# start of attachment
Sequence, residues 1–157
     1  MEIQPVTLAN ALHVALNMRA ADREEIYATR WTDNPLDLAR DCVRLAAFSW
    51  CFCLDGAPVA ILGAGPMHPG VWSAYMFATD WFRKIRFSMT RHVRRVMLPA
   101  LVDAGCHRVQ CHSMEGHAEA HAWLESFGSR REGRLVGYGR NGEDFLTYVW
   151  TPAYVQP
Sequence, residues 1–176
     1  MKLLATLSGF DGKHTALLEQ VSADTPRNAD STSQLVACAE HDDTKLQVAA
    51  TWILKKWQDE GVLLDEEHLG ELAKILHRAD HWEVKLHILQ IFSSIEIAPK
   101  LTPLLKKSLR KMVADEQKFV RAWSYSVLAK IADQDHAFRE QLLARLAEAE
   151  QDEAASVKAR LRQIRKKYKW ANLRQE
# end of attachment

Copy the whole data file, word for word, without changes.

Sequence, residues 1–157
     1  MEIQPVTLAN ALHVALNMRA ADREEIYATR WTDNPLDLAR DCVRLAAFSW
    51  CFCLDGAPVA ILGAGPMHPG VWSAYMFATD WFRKIRFSMT RHVRRVMLPA
   101  LVDAGCHRVQ CHSMEGHAEA HAWLESFGSR REGRLVGYGR NGEDFLTYVW
   151  TPAYVQP
Sequence, residues 1–176
     1  MKLLATLSGF DGKHTALLEQ VSADTPRNAD STSQLVACAE HDDTKLQVAA
    51  TWILKKWQDE GVLLDEEHLG ELAKILHRAD HWEVKLHILQ IFSSIEIAPK
   101  LTPLLKKSLR KMVADEQKFV RAWSYSVLAK IADQDHAFRE QLLARLAEAE
   151  QDEAASVKAR LRQIRKKYKW ANLRQE